Antelope Valley Press July 23, 2005
Baca: Israel-style wall terror deterrent
By Dennis Anderson, Valley Press Editor
LANCASTER - The federal government could reduce the threat of terrorism in the United States by building a fence similar to the one Israel constructed to repel terrorists, Los Angeles County Sheriff Leroy D. Baca said Friday.
"They have a big fence, and it works," Baca said. "The fences we have down on the border don't work."
Baca made his remarks as Los Angeles County law enforcement agencies with homeland security responsibility were assessing measures taken by British authorities during the wave of bombings that swept the London subway system in recent weeks.
Baca spoke Friday at a gathering of the Los Angeles County Lincoln Club, a group of politically active Republicans who underwrite activities that support limited government and free enterprise.
Baca added that he would support such a fence as a significant deterrent to terrorists attempting to cross the border through Mexico.
"Heck, yeah," he said. "What's wrong with that?"
The federal government, with the blame spread between Congress and President George W. Bush, lacks the political will to stop a tide of illegal immigration that clogs jails, ties up public resources and endangers the national security of the United States, Baca said.
"What we need is a national movement for a constitutional amendment on the security of the American border," the sheriff said. "We're not being prejudiced … we just want people to come here legally."
Baca related his own summary of the history of illegal immigration to the United States from Mexico within the last 25 years.
The swelling tide of illegal immigration, he said, was triggered when congressional leaders extended amnesty to refugees fleeing the civil wars in Nicaragua and El Salvador during the 1980s.
"We (the United States) got concerned with El Salvador and Nicaragua because we didn't want communist regimes down there," Baca said.
A refugee tide fleeing the civil wars of Central America accelerated the northward push of Mexican citizens fleeing poverty.
Now, he said, "the immigration problem is just totally out of control. The Congress and President Bush are not doing a good job on this, and I am a very big Bush supporter."
Baca said the tide of illegal immigrants is accepted and encouraged by employers and consumers because they provide cheap labor that keeps down the costs of goods and services. Where once migrants generally toiled in the crop-laden fields of California agriculture, they now have spread across the length and breadth of the United States, he said.
"We (Americans) depend on this cheap labor," Baca added. "They're now in the farms, in Wyoming and everywhere else. It's so big. It's a complete mess. So how do we contain it?"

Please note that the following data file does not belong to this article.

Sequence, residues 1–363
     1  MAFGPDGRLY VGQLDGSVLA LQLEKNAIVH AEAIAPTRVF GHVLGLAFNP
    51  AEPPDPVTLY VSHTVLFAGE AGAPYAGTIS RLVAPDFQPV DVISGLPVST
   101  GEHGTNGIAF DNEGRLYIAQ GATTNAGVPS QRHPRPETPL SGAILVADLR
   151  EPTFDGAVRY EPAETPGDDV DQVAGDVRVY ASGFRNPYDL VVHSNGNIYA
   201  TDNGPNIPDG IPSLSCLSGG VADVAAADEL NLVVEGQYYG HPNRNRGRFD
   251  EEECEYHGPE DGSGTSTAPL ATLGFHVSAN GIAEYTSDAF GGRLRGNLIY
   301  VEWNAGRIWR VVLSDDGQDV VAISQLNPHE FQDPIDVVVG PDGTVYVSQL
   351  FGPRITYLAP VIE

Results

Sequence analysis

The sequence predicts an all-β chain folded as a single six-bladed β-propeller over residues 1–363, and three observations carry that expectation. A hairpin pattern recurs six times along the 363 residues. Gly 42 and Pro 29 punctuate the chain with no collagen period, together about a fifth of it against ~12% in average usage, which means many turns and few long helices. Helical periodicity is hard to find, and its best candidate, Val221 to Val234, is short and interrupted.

The federal government, he said, has abandoned its responsibility to support the costs of allowing an open border. Jails and prisons, as well as other public institutions such as regional health care, swell with a tide of humanity who are in the country illegally.
A fair solution to regional, county and state governments would be for the federal government to reimburse them for the costs of servicing a population that arrived illegally, he said.
"They should pay and take this burden off our back, but they (the federal government) don't have the will," Baca said.
Within his responsibilities to assess homeland security issues, he said Israel, with its "anti-terror fence," offers a solution for border security.
As for Mexico, he remarked, the United States' southern neighbor has "a history of being up and down on doing the right thing, or not doing anything" with its own problems related to cross-border crime. But immediately after the 9-11 terror attacks, Mexico moved more aggressively than the United States to halt foreign travelers of Middle Eastern origin.
"Mexico cut off all foreign travel to their nation," he said. "Do you think we would?"
Counterterrorism analysts consistently point to the porous nature of the U.S. border with Mexico as a prime port of entry for terrorists.
The Israeli counter-terror "fence," according to the Web site Global Security.org, is part barbed wire, part electrified metal and part concrete wall - in some portions up to 25 feet high - with watch towers and sniper positions not unlike the Berlin Wall. Israel's frontier with the West Bank is more than 150 miles long.
The wall is not complete, but the Israeli government has stated its intent to complete it along the entire border area and has set aside $1.5 billion for the project.
Palestinians have staged continued protests since the beginning of the project in April 2002.
© Copyright 2005, Antelope Valley Press